The main use case of this library is to simplify creating efficient computational DAGs (or computational trees, to be precise) that operate on streams of values. It does not aim to replicate the entire galaxy of ReactiveX operators, nor does it attempt to delve into futures/concurrency territory.
What is a computational tree? First, there’s the root at the top, that’s
where the input values get fed into continuously. Then, we perform
computations on these values – each of which may yield zero,
one or more values that are sent further down. Some downstream
nodes may share their parents – for instance,
the input and
f is the intermediate transformation; in this case, we want
to make sure we don’t have to recompute
f(x) twice. Moreover, this
being Rust, we’d like to ensure we’re not copying and cloning any values
needlessly, and we generally prefer things to be zero-cost/inlineable
when possible. Finally, there are leaves – these are observers, functions
that receive transform values and do something with them, likely recording
them somewhere or mutating the environment in some other way.
- Observer - a function that accepts a value and returns nothing (it will most often that note mutate the external environment in some way).
- Stream - an object can be subscribed to by passing an observer to it. Subscribing to a stream consumes the stream, thus at most one observer can ever be attached to a given stream.
- Broadcast - an observer that owns a collection of other observers and transmits its input to each one of them sequentially. A broadcast can produce new streams, subscriptions, each one receiving the same input as the broadcast itself. Subscription is a stream that adds its subscribers to the broadcast’s collection when being subscribed to.
Streams, broadcasts and observers in this crate operate on pairs of
values: the context and the element. Context can be viewed as
optional metadata attached to the original value. Closures required in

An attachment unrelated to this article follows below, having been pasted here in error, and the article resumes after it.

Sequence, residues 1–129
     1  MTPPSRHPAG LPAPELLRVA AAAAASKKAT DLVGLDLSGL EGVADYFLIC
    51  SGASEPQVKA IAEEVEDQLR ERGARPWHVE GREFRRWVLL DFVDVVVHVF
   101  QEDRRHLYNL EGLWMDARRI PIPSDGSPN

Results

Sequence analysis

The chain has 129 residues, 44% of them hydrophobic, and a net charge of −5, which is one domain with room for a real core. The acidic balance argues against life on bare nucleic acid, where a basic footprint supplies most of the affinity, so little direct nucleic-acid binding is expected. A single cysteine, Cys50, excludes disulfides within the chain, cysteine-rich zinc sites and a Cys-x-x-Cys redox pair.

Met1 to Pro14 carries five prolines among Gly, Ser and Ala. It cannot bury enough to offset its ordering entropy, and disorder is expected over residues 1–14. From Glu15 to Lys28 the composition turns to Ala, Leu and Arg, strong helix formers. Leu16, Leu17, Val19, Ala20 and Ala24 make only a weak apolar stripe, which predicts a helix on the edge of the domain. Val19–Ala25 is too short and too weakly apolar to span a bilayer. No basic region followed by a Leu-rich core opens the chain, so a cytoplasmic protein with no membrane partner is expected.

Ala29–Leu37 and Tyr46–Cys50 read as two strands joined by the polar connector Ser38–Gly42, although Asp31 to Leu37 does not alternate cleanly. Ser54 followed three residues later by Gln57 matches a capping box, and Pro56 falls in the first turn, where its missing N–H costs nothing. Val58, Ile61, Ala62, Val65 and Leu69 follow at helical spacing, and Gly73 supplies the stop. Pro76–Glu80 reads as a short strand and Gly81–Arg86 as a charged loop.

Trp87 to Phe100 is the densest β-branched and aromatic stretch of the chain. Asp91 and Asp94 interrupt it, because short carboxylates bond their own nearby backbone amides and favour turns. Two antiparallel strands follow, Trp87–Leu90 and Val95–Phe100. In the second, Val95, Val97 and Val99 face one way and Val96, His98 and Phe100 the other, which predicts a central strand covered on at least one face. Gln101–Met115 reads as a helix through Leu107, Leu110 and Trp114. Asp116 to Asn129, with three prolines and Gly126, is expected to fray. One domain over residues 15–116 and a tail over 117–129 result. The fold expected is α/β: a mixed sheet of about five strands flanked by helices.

.map() only take one argument (the element) and are
expected to return a single value; this way, the element can be changed
without touching the context. This can be extremely convenient if you
need to access the original input value (or any “upstream” value) way
down the computation chain – this way you don’t have to propagate
Most stream/broadcast methods have an alternative “full” version that
operates on both context/element, with
Consider the following problem: we have an incoming stream of buy/sell price pairs, and for each incoming event we would like to compute how the current mid-price (the average between the two) compares relatively to the minimum buy price and the maximum sell price over the last three observations. Moreover, we would like to skip the first few events in order to allow the buffer to fill up.
Here’s one way we could do it (not the most ultimately efficient way of solving this particular problem, but it serves quite well to demonstrate the basic functionality of the crate):
use std::cell::Cell; use std::f64; use reactive_rs::*; let min_rel = Cell::new(0.); let max_rel = Cell::new(0.); // create a broadcast of (buy, sell) pairs let quotes = SimpleBroadcast::new(); // clone the broadcast so we can feed values to it later let last = quotes.clone() // save the mid-price for later use .with_ctx_map(|_, &(buy, sell)| (buy + sell) / 2.) // cache the last three observations .last_n(3) // wait until the queue fills up .filter(|quotes| quotes.len() > 2) // share the output (slices of values) .broadcast(); // subscribe to the stream of slices let min = last.clone() // compute min buy price .map(|p| p.iter().map(|q| q.0).fold(1./0., f64::min)); // subscribe to the stream of slices let max = last.clone() // compute max sell price .map(|p| p.iter().map(|q| q.1).fold(-1./0., f64::max)); // finally, attach observers min.subscribe_ctx(|p, min| min_rel.set(min / p)); max.subscribe_ctx(|p, max| max_rel.set(max / p)); quotes.send((100., 102.)); quotes.send((101., 103.)); assert_eq!((min_rel.get(), max_rel.get()), (0., 0.)); quotes.send((99., 101.)); assert_eq!((min_rel.get(), max_rel.get()), (0.99, 1.03)); quotes.send((97., 103.)); assert_eq!((min_rel.get(), max_rel.get()), (0.97, 1.03));
Stream trait methods accept mutable closures; observers are
also essentially just closures, and they are the only way you can
get results from the stream out into the environment. Rest assured,
at some point you’ll run into lifetime problems (this being Rust,
it’s pretty much certain).
Here’s the main rule: lifetimes of observers (that is, lifetimes of
what they capture, if anything) may not be shorter than the lifetime of
the stream object. Same applies to lifetimes of closures in methods
In some situations it’ tough to prove to the compiler you’re doing
something sane, in which case arena-based allocators (like
typed-arena) may be
of great help – allowing you to tie lifetimes of a bunch of
objects together, ensuring simultaneous deallocation.